The federal charges against resigned Maryland State Police Superintendent Edward Norris rely on a broad public corruption statute now under challenge in a U.S. Supreme Court case, the Baltimore Sun says. The law allows federal prosecutors to pursue virtually any local corruption investigation if the probe is linked to a government agency that received at least $10,000 in federal funds. The law does not require proof of a connection between the alleged offenses and the federal money.
Its wide latitude has made the 1984 law popular with prosecutors. The U.S. attorney for Maryland, Thomas M. DiBiagio, said, “This indictment is consistent with, and in furtherance of, a simple proposition that has guided federal prosecutors in Maryland for more than 50 years: Justice without fear or favor.”
Still, defense attorneys and conservative law scholars express concern that the statute at the heart of the case against Norris goes too far in turning over to federal authorities the jurisdiction of local and state prosecutors.
The Supreme Court will consider a Minneapolis bribery case to help determine whether Congress exceeded its constitutional authority in adopting the law. The statute – sometimes referred to simply by its criminal code number, 666 – was intended to be broadly construed as a way to protect the billions of federal dollars distributed each year through a range of programs.
The case of Minneapolis real estate developer Basim Omar Sarbi, charged under the corruption statute with bribing a City Council member, offered the high court a chance to examine the powerful role of federal prosecutors. A trial judge dismissed the indictment on the grounds that the corruption statute was unconstitutional. A divided 8th U.S. Circuit Court of Appeals reinstated the charges, but dissenting judge Kermit Bye wrote that by “inserting itself into a domain traditionally reserved for state and local prosecutions, the federal government treats state governments … as untrustworthy organs incapable of policing their own.”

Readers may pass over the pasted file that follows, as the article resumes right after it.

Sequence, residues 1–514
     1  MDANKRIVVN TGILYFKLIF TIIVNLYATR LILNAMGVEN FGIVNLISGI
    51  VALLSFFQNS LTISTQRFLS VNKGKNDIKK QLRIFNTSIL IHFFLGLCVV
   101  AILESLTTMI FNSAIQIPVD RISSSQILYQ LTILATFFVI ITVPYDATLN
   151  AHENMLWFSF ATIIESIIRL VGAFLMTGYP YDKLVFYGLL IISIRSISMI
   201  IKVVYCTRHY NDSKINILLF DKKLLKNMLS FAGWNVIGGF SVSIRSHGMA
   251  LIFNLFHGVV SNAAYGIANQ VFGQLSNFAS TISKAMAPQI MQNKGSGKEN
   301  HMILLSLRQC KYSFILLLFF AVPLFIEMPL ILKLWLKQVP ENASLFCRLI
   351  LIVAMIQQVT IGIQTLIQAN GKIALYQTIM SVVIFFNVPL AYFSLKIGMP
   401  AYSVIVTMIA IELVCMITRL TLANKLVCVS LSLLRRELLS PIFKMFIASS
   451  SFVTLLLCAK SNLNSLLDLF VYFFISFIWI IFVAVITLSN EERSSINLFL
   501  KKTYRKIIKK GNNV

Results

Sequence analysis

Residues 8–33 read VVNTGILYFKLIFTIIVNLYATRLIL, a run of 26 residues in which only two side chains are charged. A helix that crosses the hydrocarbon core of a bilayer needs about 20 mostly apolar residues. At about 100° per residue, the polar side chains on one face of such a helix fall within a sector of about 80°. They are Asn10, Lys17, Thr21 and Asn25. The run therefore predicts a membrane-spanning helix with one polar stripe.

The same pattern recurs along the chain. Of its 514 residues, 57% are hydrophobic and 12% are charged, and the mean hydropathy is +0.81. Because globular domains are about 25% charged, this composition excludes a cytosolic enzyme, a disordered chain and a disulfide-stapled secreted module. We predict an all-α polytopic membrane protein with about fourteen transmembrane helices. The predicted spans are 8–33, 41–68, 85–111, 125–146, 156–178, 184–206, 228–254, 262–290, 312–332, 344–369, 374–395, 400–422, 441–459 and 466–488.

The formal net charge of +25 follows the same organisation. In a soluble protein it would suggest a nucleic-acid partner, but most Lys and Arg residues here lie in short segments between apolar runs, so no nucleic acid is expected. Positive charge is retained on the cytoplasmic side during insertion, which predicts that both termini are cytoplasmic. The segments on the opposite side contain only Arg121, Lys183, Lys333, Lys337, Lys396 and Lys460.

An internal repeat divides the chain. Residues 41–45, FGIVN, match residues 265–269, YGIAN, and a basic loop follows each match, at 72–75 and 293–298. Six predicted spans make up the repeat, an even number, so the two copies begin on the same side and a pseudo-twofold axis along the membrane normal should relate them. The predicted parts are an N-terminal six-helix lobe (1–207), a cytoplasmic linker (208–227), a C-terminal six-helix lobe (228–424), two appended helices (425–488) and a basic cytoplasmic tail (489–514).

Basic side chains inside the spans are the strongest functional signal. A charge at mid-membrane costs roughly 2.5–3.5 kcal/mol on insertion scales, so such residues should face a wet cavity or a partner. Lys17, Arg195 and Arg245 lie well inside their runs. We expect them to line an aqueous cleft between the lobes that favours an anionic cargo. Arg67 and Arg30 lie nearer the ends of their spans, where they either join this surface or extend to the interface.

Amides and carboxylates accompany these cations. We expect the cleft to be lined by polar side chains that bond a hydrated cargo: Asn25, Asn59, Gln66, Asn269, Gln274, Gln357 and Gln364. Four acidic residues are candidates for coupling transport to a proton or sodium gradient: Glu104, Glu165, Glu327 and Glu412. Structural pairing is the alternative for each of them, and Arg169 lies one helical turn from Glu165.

The Sun says the Minneapolis case has important implications for Norris, who is accused of improperly using money from a little-known, off-the-books expense account to pay for liquor and lavish meals and to finance extramarital affairs while he was Baltimore Police commissioner.
His indictment cites criminal code 666 as creating a federal nexus for the case, which raises the possibility that it could face problems if the Supreme Court finds the law unconstitutional.